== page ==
In the past, it was not acceptable to have queer characters on books, movies, or songs. Creators were left giving hints that their characters were LGBTQ, many times they were coded using language only LGBTQ people would understand. This created a way for LGBTQ people to associate with a book or show, they felt their stories were being told. It created a sense of relating to the character and their experiences.
LGBTQ in media
As times have changed, those references became less vague. Creators statrted realizing the untapped potential of having a queer viewership tied to their various media. This gave rise to queer baiting, where they could make small characters LGBTQ to get more readers. Many times, those same characters fell victim to the act of “burying your gays.” This was a process where they were able to kill off those characters without it being a plot point or any effect to the story line. This led to many viewers/readers stop following those creators.
Now, creators are looking for other ways of catching our dollars. Enter queer catching. This simple act is to allow the creator to tell their fans, in an interview setting, that they have queer characters in their works without every having to express it openly in them. In many ways, this allows LGBTQ consumers to draw more parallels to those characters. It allows them to live in a “closet” the same way we do, growing up, without having to specifically state it or fully admit it.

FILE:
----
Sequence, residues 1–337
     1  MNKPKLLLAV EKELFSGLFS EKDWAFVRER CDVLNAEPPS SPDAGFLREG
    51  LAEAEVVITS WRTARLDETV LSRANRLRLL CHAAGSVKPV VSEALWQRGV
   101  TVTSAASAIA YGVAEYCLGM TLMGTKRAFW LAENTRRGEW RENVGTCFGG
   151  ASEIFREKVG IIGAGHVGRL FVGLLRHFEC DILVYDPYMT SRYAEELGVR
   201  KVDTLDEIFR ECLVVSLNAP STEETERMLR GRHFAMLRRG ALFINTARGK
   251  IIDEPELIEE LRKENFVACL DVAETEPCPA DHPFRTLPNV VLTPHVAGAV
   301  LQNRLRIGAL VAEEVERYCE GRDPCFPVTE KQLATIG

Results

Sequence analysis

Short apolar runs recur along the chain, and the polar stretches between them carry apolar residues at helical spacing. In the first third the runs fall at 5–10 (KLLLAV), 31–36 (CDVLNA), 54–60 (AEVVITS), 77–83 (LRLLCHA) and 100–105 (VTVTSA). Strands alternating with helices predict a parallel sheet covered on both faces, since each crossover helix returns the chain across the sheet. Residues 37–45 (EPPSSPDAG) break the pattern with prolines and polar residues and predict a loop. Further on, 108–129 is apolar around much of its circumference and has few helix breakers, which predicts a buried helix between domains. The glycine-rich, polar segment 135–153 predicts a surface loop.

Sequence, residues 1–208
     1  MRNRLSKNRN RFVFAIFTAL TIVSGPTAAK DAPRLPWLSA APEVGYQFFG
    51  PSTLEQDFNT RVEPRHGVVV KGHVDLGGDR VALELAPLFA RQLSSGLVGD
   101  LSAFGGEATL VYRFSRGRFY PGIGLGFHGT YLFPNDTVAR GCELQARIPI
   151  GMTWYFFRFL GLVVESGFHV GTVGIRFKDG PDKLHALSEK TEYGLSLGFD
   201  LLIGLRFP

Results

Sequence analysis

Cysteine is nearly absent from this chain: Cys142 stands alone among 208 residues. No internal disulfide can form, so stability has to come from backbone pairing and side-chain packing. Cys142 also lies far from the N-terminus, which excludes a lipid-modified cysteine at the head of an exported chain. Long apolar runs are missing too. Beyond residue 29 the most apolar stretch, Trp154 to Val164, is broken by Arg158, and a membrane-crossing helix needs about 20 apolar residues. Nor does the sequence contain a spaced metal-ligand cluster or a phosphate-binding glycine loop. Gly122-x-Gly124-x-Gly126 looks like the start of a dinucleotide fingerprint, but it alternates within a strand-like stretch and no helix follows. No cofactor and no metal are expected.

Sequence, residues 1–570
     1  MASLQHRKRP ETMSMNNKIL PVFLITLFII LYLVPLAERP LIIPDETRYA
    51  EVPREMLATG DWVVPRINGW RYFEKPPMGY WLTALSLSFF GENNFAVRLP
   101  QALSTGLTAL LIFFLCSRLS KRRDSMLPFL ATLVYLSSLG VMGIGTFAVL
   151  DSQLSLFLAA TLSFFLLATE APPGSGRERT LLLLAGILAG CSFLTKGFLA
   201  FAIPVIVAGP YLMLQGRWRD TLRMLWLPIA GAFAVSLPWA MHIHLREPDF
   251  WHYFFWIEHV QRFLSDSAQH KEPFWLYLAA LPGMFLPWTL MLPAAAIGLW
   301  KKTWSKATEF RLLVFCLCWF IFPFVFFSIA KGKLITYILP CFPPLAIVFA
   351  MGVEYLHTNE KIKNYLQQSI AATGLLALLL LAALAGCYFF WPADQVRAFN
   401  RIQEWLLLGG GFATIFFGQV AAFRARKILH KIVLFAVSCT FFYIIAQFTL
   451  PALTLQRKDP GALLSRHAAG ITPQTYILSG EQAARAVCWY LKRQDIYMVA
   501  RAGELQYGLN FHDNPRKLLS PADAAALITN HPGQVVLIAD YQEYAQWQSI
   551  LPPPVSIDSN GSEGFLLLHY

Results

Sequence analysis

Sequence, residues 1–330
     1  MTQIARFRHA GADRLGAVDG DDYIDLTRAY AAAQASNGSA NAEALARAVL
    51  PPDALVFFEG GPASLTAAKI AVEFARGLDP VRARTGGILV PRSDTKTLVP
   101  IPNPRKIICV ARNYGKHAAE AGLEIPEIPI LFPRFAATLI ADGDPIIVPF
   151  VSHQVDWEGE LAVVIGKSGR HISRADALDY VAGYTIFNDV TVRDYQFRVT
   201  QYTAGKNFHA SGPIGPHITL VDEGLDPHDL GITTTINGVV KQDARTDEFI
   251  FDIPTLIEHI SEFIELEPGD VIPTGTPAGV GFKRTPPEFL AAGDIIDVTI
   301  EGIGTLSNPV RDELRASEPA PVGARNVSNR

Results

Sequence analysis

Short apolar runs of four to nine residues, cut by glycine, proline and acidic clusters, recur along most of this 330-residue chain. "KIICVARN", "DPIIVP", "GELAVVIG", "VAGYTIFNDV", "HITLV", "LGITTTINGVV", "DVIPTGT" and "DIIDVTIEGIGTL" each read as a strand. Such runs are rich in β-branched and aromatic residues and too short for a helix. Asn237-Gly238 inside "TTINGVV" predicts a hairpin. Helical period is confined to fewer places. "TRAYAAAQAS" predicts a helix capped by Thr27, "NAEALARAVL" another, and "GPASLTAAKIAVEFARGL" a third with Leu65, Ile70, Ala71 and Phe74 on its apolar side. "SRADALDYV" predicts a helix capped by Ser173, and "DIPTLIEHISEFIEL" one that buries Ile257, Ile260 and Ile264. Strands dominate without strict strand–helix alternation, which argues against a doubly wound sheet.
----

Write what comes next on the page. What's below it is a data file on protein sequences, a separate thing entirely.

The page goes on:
Queer Baiting vs Catching
From the outside, queer baiting and queer catching seem very similar. However, there are some noticeable differences. Let’s take a look at some examples of how both are used.
You just started watching this amazing television show. Two of the main characters are really close to one another. As you watch the series, it really seems that those two characters are destined to become a couple. The season finale comes and it is revealed that one of them are straight and the other did not know. Or, even worse, its a queer couple that has been together the whole season and are really good together, as the season wraps up their relationship ends for no apparent reason. These methods were used to keep and grow a queer audience, this is called “Queer Baiting.”
You start reading a collection of books about a young boy who finds out he is a wizard. He finds out that this magic world exists alongside the world he has always known. Now he is off to school to partake in adventures. While there, a wizened older wizard seems to have a special interest in the boy, the boy looks to him as a grandfatherly type. As the story nears completion, the wizened old wizard dies.
During an interview about the popularity of the series, the author is discussing they story. The interview makes a mention about how so many people are drawn to it due to the nature of the stories. Out of no where, the author states that the wizened old wizard character is, in fact, gay. As such, the queer audience latches on to the store more because they NOW see more parallels to their own trials.
The odd thing is that there is no mention to or any hint in the books that this character was actually queer and had a life that incorporated those facts. This is “Queer Catching.”
Where queer bating and catching tend to follow along the lines of media, these processes also have been tied to our socioeconomic realms, as well. Starting in the mid-1960s, the United States has seen a shift in how marketing practices have changed. Initially, the processes showed that to make money you need to target the mainstream or masses to purchase or interact with your services. As shift began to increase those margins by targeting specialized niche groups, this gave rise to searching for “alternative” customers to target.